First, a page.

Every owner dropping off a pet is required to fill out an intake form. This form will contain a phone number at which the owner can be reached while the pet is here, an explanation of why the pet is here, a lost of services requested, and other information. Despite the fact that owners are told prior to coming in that the form will need to be filled out, no one ever admits to having heard of it before. Most people just put their carrier on the floor, scribble random stuff on the form, and leave "because I'm late already and don't have time for this." Then, when I later examine the pet, it is unclear what the pet is here for. So, I call the number on the form. Turns out that's the home number, but the owner is at work. So I find the work number somewhere (or use social engineering to get it from the person at home) and call that, asking for Mr. Bob Petowner like it says on my form. Gosh, no one there by that name? I'm, do you have a Robert Petowner? No? Anyone work there who has a cat named Killer? Oh. Jim in accounting? Great. Put him on.
Then Jim in accounting rips me a new one for bothering him at work because he isn't allowed to have personal calls. Also he explains that he goes by Bob Petowner for his personal matters, and Jim Rockefeller at work, because of a licensing issue. Okaaaaaay. So I ask BobJim, as long as he's on te phone, why is Killer here today, and he says he wanted me to do something about the urination outside the litter pan. I start asking follow up questions and am immediately cut off with "if I had time to discuss it I would have come in myself. Figure it out!" and the line disconnects.
It can go two ways from here:
1. I proceed with a full diagnostic workup and when the owner comes to get the cat, he reams me out for doing it without permission.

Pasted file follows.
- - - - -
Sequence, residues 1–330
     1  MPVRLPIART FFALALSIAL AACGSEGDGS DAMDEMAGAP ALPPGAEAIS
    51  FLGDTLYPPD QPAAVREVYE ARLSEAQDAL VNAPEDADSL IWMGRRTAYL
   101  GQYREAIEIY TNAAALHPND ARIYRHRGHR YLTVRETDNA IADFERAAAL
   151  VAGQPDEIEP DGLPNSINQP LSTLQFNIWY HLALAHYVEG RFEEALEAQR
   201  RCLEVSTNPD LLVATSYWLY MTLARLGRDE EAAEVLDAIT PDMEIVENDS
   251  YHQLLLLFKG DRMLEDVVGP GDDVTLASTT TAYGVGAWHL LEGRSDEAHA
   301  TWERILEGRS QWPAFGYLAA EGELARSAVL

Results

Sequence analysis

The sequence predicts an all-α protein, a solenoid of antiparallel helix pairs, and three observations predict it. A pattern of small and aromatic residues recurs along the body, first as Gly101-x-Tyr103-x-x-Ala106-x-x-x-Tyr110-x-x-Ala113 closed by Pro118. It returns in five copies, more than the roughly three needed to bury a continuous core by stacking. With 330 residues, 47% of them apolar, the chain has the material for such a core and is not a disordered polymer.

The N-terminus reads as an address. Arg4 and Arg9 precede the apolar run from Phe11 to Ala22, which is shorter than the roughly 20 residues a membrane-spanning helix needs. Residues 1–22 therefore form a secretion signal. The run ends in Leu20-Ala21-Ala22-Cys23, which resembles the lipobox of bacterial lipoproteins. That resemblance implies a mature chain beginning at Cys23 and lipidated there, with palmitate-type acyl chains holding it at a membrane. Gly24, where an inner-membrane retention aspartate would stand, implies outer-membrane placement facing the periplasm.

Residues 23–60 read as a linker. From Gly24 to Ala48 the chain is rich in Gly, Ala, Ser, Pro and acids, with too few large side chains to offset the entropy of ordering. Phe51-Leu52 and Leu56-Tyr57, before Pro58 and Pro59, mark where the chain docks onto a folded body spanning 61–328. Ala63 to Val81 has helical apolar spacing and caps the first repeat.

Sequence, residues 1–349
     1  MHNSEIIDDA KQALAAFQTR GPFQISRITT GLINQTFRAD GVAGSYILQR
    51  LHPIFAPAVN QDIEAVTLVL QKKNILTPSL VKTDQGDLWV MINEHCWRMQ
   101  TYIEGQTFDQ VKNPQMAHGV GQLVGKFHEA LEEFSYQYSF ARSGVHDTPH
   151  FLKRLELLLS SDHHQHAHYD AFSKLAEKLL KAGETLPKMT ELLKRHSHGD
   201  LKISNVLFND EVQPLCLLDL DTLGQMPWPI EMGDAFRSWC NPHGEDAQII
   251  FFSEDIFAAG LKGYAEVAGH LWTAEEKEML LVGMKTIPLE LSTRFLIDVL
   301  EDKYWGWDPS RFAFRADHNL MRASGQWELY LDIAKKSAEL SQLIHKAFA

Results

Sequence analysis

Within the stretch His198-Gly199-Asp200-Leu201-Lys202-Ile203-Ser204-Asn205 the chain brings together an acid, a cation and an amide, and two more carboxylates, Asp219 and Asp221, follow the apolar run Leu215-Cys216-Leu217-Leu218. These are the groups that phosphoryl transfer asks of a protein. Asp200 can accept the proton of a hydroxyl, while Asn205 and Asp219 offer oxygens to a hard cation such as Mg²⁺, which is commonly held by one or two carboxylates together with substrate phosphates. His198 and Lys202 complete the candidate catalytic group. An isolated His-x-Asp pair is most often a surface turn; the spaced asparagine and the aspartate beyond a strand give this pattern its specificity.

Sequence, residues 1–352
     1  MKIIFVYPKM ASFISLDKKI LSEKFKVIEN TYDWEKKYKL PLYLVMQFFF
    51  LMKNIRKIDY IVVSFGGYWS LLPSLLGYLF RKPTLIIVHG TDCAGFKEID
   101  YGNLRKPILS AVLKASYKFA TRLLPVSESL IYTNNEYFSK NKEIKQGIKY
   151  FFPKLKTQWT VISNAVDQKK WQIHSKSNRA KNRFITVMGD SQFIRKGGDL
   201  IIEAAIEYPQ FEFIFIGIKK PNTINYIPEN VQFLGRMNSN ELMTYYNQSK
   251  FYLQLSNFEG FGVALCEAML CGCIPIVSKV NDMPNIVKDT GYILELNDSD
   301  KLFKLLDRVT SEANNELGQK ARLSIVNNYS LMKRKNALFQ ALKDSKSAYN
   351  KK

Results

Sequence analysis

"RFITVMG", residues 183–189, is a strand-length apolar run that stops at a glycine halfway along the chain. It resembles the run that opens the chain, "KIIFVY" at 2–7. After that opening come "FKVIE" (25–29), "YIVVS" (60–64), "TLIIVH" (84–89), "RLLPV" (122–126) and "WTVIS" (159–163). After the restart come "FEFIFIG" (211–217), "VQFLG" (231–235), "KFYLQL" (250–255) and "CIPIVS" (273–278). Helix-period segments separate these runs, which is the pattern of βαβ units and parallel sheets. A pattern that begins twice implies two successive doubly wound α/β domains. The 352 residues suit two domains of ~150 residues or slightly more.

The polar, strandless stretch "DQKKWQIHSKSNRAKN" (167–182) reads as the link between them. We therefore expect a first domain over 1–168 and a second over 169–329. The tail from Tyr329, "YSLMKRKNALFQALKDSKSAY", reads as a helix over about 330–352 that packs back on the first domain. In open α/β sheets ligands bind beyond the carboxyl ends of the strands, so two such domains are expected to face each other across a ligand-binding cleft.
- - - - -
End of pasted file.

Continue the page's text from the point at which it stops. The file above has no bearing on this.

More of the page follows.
2. Not wanting to run up the bill without permission, I do the bare minimum, and write a lengthy note explaining the next steps we can take. The owner comes to pick up the cat and reams me out for not getting it all done today.
There are many flavors of this type of visit - this is just one example.
This picture is of a dropped off patient who is obviously obese. That's a quarter on her back. She weighed 3 lbs less than her last visit, but I couldn't reach the owner to find out if the cat had been dieting or had unexplained weight loss. At pickup time the owner yelled at me for not doing any diagnostics to find out about the cause of the weight loss.... I said I tried to reach her but she didn't answer her phone & she said she's a teacher, she can't answer. Somehow I should have just known what to do without talking to her.
Quick update to this: I was thinking as I wrote this about how no one would ever try this type of thing at a physician's office - I mean, people don't drop their kids off at the pediatrician, do they? I've never seen it. But then I realized how prominently the signs at my son's allergist's office say "children under 16 MUST be accompanied by a parent to receive injections," and I realize - they probably do. So, it's not just happening here - it's happening everywhere. It must be stopped!